My first experience with C# exceptions, after having been a Java coder for a long time, wasn’t good. My carefully written, rigorously tested C# code suddenly started crashing. What happened? My code relied on a library written by someone else, and the owner of that library had changed a method to throw a new exception. Since my code wasn’t prepared to handle that exception, my code crashed. Had this been Java, the compiler would have alerted me to the fact that the library method is now throwing a new exception and made me update my code.
In Java, exceptions are checked by the compiler (“checked exceptions”). The compiler forces methods to declare what exceptions it can throw. It forces callers of the method to decide what to do with each possible exception. If you know how to recover from the exception, you catch the exception. If you don’t, you’re obligated to declare it using the throws keyword. Consequently, the ball gets passed to the caller of your method to deal with the exception.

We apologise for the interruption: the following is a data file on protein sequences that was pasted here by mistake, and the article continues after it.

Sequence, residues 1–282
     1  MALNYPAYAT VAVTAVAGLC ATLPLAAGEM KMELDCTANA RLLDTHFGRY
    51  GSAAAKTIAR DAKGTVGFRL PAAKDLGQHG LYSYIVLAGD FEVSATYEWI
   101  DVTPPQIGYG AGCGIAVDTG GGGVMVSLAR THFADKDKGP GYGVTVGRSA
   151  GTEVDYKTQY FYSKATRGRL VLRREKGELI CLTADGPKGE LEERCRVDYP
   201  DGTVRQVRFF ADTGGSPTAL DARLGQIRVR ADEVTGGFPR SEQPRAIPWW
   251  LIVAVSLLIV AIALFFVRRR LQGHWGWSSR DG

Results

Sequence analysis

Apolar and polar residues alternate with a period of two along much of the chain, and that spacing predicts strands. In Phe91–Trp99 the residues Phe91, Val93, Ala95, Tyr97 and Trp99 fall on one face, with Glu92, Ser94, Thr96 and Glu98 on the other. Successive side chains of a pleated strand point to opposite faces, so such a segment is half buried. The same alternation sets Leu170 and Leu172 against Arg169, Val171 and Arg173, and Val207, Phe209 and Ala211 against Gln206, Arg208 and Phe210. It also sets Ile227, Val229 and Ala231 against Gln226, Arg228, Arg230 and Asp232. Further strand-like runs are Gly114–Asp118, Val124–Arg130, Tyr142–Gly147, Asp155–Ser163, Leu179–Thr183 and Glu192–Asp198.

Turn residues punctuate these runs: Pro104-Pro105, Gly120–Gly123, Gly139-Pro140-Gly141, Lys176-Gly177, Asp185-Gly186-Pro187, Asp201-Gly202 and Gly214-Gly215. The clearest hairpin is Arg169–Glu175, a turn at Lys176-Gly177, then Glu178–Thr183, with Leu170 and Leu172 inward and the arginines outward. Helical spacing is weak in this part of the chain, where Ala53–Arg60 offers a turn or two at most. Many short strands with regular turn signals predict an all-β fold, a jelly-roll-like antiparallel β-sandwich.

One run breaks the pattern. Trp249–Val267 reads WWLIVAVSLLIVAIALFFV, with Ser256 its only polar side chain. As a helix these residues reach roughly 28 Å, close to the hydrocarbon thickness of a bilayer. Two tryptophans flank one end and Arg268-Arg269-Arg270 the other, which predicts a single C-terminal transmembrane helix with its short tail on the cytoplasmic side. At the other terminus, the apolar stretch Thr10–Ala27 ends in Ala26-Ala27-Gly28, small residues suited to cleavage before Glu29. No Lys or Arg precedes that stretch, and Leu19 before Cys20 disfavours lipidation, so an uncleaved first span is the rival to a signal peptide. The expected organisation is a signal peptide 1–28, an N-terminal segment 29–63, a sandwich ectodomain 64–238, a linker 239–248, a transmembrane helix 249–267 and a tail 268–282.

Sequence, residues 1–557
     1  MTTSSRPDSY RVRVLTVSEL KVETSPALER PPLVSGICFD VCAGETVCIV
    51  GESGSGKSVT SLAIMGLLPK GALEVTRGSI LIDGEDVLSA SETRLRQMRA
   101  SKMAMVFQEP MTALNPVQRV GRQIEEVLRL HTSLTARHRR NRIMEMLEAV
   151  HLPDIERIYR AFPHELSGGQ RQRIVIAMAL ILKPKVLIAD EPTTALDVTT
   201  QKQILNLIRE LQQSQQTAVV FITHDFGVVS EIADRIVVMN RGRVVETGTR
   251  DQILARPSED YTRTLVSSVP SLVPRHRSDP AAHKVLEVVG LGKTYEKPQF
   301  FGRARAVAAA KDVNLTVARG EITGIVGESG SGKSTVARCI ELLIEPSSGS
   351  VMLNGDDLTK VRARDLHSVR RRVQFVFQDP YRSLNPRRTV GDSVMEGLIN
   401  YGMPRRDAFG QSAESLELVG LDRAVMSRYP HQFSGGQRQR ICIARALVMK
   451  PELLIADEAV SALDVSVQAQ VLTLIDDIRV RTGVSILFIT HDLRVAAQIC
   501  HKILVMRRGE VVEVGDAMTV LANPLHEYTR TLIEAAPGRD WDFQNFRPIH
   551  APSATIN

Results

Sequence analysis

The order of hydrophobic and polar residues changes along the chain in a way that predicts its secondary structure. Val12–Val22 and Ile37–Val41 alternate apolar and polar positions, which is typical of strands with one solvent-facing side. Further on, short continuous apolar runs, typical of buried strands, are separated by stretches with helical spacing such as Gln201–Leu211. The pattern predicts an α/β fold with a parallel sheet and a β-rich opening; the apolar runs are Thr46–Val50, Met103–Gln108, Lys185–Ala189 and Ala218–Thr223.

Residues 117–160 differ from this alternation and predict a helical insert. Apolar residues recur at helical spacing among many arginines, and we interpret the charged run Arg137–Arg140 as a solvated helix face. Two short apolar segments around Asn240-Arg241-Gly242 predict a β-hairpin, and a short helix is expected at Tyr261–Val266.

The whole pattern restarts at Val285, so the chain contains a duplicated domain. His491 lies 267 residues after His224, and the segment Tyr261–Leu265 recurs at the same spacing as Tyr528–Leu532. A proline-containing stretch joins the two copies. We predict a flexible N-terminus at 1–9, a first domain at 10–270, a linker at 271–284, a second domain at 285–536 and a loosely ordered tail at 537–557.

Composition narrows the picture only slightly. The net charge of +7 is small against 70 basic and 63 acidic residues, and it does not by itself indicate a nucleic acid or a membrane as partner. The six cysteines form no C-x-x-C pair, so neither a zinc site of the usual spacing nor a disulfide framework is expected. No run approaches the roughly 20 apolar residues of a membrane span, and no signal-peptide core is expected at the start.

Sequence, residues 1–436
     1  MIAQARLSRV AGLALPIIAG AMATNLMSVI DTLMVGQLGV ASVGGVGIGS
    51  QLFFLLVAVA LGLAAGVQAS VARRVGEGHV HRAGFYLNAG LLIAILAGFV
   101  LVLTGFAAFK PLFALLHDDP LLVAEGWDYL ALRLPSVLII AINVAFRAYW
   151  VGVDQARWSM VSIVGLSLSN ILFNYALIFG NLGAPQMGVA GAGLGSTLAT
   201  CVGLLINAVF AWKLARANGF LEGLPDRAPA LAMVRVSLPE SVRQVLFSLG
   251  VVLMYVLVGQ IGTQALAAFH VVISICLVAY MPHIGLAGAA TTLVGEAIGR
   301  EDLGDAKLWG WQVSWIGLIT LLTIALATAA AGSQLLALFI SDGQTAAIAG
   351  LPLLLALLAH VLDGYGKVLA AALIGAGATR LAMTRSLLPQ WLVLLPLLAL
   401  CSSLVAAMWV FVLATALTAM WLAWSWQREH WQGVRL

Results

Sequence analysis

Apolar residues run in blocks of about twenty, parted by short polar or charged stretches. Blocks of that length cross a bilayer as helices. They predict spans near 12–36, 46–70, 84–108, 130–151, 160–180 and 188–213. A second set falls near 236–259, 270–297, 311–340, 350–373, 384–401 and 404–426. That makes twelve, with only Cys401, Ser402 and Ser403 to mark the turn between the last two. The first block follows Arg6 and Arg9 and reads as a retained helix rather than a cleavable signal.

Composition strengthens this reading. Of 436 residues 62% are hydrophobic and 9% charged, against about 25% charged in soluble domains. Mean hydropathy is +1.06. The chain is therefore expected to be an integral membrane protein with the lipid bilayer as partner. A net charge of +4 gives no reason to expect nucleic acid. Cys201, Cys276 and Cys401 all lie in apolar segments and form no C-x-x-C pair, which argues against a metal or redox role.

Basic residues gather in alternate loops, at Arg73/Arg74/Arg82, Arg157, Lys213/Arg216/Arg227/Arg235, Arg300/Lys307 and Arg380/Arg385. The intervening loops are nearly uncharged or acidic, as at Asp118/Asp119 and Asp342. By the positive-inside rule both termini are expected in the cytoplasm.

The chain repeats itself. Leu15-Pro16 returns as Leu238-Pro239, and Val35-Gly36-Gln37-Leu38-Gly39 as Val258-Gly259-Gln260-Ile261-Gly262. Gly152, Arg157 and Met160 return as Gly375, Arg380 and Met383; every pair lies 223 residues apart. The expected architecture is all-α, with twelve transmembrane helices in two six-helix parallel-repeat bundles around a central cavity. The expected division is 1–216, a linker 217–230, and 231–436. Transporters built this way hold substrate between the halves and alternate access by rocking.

“Recovering” from an exception entails gracefully handling the error to ensure the program continues to operate seamlessly. For example, if a file could not be opened because it doesn’t exist, you may want to create it. In this case you catch the FileNotFoundException exception. That’s a well-known example, so it is obvious what exception to catch. But sometimes you want to recover from application-specific errors. Maybe you want to try a customer’s backup credit card if the primary credit card is declined. Now it is not obvious what exception to catch. There may be more than one exception to catch, for example, CreditCardExpiredException, SuspiciousActivityException, CardTypeNotSupportedException and so on.